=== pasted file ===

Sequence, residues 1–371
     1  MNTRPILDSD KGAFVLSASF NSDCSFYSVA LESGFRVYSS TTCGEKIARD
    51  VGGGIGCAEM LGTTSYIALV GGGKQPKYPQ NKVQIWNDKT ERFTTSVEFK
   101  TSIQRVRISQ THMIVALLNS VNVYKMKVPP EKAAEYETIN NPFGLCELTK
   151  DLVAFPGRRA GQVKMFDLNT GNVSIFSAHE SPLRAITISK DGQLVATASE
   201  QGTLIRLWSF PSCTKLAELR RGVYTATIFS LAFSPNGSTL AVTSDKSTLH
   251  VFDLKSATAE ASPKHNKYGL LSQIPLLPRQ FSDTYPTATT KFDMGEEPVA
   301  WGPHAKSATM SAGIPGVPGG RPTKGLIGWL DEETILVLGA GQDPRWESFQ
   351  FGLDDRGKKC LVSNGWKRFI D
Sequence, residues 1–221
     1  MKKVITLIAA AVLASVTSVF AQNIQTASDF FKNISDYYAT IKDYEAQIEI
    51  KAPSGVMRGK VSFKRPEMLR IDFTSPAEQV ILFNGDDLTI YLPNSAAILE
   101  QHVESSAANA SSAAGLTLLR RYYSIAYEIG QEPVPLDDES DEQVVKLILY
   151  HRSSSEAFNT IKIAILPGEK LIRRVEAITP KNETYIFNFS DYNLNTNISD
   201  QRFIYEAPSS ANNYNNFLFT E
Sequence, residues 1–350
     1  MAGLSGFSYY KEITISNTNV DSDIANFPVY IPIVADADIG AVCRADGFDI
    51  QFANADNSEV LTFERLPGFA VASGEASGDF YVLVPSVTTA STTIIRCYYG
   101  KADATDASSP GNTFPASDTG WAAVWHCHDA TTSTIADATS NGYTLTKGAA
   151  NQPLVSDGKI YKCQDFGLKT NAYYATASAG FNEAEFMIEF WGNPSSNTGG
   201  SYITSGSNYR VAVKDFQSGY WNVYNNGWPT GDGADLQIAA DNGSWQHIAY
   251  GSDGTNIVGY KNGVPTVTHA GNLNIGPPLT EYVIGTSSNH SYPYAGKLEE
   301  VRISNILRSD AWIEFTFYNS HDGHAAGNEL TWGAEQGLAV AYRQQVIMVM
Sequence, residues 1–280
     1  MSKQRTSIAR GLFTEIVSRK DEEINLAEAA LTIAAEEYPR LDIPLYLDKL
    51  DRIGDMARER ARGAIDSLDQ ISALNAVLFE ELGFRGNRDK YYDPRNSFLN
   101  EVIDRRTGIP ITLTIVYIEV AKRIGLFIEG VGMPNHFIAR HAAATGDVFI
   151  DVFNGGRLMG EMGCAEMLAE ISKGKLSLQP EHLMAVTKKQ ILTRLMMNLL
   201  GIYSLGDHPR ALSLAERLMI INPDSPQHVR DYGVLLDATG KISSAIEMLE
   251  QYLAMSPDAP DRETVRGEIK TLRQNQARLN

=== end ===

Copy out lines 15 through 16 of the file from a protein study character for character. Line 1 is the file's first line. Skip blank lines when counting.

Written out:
   201  QRFIYEAPSS ANNYNNFLFT E
Sequence, residues 1–350